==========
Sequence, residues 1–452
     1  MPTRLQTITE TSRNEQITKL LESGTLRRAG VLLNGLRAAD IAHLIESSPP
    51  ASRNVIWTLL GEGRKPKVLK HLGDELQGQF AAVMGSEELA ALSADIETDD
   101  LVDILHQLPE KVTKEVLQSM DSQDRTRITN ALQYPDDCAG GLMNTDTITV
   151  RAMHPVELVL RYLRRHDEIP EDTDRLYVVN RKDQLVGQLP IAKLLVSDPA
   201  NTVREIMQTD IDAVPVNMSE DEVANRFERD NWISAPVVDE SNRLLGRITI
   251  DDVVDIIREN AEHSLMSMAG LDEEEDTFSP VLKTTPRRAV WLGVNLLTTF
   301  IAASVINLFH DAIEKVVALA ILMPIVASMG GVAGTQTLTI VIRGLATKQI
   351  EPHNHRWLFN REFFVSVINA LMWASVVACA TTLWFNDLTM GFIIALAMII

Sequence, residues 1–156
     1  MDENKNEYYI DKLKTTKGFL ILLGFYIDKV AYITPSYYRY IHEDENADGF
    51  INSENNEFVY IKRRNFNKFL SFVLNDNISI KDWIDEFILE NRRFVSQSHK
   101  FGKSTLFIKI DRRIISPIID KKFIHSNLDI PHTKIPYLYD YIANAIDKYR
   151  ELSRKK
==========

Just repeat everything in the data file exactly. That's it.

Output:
Sequence, residues 1–452
     1  MPTRLQTITE TSRNEQITKL LESGTLRRAG VLLNGLRAAD IAHLIESSPP
    51  ASRNVIWTLL GEGRKPKVLK HLGDELQGQF AAVMGSEELA ALSADIETDD
   101  LVDILHQLPE KVTKEVLQSM DSQDRTRITN ALQYPDDCAG GLMNTDTITV
   151  RAMHPVELVL RYLRRHDEIP EDTDRLYVVN RKDQLVGQLP IAKLLVSDPA
   201  NTVREIMQTD IDAVPVNMSE DEVANRFERD NWISAPVVDE SNRLLGRITI
   251  DDVVDIIREN AEHSLMSMAG LDEEEDTFSP VLKTTPRRAV WLGVNLLTTF
   301  IAASVINLFH DAIEKVVALA ILMPIVASMG GVAGTQTLTI VIRGLATKQI
   351  EPHNHRWLFN REFFVSVINA LMWASVVACA TTLWFNDLTM GFIIALAMII

Sequence, residues 1–156
     1  MDENKNEYYI DKLKTTKGFL ILLGFYIDKV AYITPSYYRY IHEDENADGF
    51  INSENNEFVY IKRRNFNKFL SFVLNDNISI KDWIDEFILE NRRFVSQSHK
   101  FGKSTLFIKI DRRIISPIID KKFIHSNLDI PHTKIPYLYD YIANAIDKYR
   151  ELSRKK